More details can be found here: http://www.hta.ac.uk/2377
NRES Committee London - Surrey Borders Research Ethics Committee, 23/09/2011, ref: 11/LO/1267
Multicentre study of 300 patients randomised in 2:1 ratio between 12 weeks of amisulpride or placebo. If on placebo switch to amisulpride, if on amisulpride randomised to amisulpride or placebo
Primary study design
Secondary study design
Randomised controlled trial
Patient information sheet
Not available in web format, please use the contact details below to request a patient information sheet
Late onset schizophrenia like psychosis
Double-blind placebo-controlled trial, amisulpride vs placebo
Primary outcome measures
1. Brief Psychiatric Rating Scale (BPRS), a widely used clinician-rated 24-item instrument for assessing positive, negative and affective symptoms in patients with psychotic disorders (Ventura et al 1993). The BPRS (Appendix D) consists of 18 symptom constructs and takes 20-30 minutes for the interview and scoring. Each item is assessed by the rater on a 7-point scale ranging from 1 (not present) to 7 (extremely severe). The total score is obtained by summing the scores from the 18 items. Scores thus range from 18 to 126, with higher scores indicating greater levels of psychopathology. The BPRS will be administered at baseline, at week 4, then between weeks 10-12 and between weeks 34-36. Changes in BPRS score between baseline and the week 10-12 assessment and between the week 10-12 and week 34-36 assessments are the trials co-primary outcomes.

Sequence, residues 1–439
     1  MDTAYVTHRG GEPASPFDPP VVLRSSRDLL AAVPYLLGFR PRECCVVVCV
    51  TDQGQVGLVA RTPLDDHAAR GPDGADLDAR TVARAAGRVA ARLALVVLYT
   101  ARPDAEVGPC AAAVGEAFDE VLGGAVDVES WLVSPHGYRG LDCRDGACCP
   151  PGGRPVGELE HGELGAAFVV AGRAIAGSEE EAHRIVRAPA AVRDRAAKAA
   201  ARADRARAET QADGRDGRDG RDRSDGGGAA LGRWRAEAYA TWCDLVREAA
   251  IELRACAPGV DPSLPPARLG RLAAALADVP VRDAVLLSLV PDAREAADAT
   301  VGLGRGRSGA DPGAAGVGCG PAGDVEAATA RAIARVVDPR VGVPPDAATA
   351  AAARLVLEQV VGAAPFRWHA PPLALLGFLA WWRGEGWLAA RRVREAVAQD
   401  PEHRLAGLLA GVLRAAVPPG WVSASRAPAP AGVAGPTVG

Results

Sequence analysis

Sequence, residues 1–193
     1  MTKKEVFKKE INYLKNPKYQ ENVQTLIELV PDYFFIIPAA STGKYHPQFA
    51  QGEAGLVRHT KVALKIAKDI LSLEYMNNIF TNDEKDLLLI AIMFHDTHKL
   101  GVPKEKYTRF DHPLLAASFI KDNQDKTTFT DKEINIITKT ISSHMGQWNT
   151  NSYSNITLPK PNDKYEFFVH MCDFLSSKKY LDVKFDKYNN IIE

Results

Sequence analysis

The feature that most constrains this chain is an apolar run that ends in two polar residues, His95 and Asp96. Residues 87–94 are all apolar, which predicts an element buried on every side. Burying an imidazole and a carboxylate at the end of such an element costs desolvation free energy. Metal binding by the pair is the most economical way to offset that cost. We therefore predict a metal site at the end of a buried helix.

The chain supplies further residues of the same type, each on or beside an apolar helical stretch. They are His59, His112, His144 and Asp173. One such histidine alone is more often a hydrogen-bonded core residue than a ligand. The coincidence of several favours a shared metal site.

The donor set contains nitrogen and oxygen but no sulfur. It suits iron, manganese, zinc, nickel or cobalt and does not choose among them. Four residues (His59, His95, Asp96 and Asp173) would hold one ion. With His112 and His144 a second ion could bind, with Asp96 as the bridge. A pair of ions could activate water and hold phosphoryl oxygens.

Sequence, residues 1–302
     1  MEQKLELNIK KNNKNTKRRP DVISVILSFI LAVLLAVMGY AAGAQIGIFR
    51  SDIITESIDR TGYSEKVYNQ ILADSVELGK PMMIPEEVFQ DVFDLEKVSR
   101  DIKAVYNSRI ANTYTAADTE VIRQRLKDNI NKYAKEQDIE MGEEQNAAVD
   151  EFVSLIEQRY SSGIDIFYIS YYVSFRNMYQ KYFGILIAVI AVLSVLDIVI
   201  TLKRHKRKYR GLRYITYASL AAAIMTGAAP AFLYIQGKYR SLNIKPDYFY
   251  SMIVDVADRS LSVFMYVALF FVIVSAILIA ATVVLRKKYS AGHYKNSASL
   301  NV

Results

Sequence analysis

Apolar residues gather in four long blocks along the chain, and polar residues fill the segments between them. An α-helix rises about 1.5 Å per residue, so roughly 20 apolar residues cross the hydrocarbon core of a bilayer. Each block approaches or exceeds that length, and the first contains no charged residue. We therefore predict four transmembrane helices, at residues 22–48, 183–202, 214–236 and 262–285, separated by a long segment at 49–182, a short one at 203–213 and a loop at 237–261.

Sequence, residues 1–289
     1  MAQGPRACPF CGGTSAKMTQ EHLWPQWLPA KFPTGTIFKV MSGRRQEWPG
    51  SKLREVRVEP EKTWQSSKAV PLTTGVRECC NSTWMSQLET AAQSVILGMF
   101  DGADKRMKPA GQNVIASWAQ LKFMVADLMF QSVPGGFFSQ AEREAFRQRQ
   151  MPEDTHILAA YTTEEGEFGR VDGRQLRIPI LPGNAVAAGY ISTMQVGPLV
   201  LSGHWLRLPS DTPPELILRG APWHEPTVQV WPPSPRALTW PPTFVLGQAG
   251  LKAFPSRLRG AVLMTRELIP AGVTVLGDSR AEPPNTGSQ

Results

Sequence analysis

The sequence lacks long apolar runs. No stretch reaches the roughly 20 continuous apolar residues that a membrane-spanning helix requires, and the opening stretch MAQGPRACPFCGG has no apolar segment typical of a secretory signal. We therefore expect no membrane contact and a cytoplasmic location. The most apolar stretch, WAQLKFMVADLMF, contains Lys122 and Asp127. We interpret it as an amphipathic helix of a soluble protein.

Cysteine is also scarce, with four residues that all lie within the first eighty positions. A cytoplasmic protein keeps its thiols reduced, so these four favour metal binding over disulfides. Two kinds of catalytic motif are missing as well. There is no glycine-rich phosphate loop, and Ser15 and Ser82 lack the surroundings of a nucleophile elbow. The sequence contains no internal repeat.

2. The proportion of patients withdrawn to open treatment with amisulpride by their physicians between Weeks 13 and 36 (Stage 2) because of perceived lack of efficacy, which will be compared in participants randomised to continue amisulpride (arm A) and switch to placebo (Arm B). The difference between groups in the percentage of patients stopping trial treatment because of physician concerns about non-efficacy was used as an outcome measure in the CATIE-AD trial (Schneider et al 2003).
Secondary outcome measures